Another right of common is that of turbary, or the right to cut turf or peat for fuel.
The Pastor had a sort of turbary right, which supplied him with the latter.
turbary, tur′ba-ri, n. the right to go upon the soil of another and dig turf, and carry off the same: a place where peat is dug.
It would be strange to my purpose to discuss the details of common of estovers, of turbary, or of fishery.
The turbary cattle appear to have been a small variety of the Bos namadicus, somewhat dwarfed by drought and hardship.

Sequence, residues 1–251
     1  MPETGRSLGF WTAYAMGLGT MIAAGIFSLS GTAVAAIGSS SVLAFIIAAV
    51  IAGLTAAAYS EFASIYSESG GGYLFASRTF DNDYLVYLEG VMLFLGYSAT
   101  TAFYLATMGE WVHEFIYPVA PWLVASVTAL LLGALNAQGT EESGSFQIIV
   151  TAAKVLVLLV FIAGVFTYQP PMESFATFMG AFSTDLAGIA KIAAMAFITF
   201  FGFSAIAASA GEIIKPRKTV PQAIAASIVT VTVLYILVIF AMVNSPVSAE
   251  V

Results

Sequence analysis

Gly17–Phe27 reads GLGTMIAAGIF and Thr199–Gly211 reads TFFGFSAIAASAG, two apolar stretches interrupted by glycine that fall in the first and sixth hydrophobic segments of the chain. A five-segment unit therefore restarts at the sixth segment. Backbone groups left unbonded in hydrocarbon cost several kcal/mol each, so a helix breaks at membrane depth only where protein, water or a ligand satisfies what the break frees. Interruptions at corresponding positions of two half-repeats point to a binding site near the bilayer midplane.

Sir Edward More, in his celebrated rental, gives advice to his son to look after “his turbary.”
After some further discussion Mr. Hunter warned the people off his farm and declared their supposed "turbary" rights at an end.
Moreover, the statutes have never enabled an inclosure to be made against commoners entitled to estovers or turbary.